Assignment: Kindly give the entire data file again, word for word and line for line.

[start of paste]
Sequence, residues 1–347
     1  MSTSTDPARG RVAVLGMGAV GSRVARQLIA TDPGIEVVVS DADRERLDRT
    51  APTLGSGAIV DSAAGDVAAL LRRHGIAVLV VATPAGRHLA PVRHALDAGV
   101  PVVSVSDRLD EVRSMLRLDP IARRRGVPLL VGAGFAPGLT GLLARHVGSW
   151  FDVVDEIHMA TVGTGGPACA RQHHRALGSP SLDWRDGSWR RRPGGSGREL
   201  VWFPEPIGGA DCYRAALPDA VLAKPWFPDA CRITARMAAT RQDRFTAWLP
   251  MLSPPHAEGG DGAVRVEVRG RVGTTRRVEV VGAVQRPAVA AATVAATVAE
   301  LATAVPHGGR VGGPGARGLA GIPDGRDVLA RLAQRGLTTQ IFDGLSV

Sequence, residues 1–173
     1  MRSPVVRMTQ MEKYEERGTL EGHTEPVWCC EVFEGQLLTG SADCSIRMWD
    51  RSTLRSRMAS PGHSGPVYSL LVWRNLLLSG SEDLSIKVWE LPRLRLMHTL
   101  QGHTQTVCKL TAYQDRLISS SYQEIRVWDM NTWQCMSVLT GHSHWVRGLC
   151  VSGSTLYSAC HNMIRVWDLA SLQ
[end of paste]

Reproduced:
Sequence, residues 1–347
     1  MSTSTDPARG RVAVLGMGAV GSRVARQLIA TDPGIEVVVS DADRERLDRT
    51  APTLGSGAIV DSAAGDVAAL LRRHGIAVLV VATPAGRHLA PVRHALDAGV
   101  PVVSVSDRLD EVRSMLRLDP IARRRGVPLL VGAGFAPGLT GLLARHVGSW
   151  FDVVDEIHMA TVGTGGPACA RQHHRALGSP SLDWRDGSWR RRPGGSGREL
   201  VWFPEPIGGA DCYRAALPDA VLAKPWFPDA CRITARMAAT RQDRFTAWLP
   251  MLSPPHAEGG DGAVRVEVRG RVGTTRRVEV VGAVQRPAVA AATVAATVAE
   301  LATAVPHGGR VGGPGARGLA GIPDGRDVLA RLAQRGLTTQ IFDGLSV

Sequence, residues 1–173
     1  MRSPVVRMTQ MEKYEERGTL EGHTEPVWCC EVFEGQLLTG SADCSIRMWD
    51  RSTLRSRMAS PGHSGPVYSL LVWRNLLLSG SEDLSIKVWE LPRLRLMHTL
   101  QGHTQTVCKL TAYQDRLISS SYQEIRVWDM NTWQCMSVLT GHSHWVRGLC
   151  VSGSTLYSAC HNMIRVWDLA SLQ